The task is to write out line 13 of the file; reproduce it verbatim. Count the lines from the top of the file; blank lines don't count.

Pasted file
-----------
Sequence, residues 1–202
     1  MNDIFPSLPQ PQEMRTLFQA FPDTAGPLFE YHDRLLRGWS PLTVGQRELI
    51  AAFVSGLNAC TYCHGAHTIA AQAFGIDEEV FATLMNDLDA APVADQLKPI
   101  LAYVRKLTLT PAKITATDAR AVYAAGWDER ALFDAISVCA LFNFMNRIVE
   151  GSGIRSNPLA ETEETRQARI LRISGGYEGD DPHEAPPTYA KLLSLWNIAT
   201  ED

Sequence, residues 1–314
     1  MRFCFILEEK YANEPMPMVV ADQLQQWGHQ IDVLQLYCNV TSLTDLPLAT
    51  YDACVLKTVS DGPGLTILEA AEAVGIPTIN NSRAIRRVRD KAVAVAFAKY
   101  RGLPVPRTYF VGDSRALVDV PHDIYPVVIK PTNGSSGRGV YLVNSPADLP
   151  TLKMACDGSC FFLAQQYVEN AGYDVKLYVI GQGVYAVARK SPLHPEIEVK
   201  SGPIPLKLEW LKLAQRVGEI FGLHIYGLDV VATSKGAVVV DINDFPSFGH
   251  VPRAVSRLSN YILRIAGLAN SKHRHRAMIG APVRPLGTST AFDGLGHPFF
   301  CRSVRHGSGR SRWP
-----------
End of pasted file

   251  VPRAVSRLSN YILRIAGLAN SKHRHRAMIG APVRPLGTST AFDGLGHPFF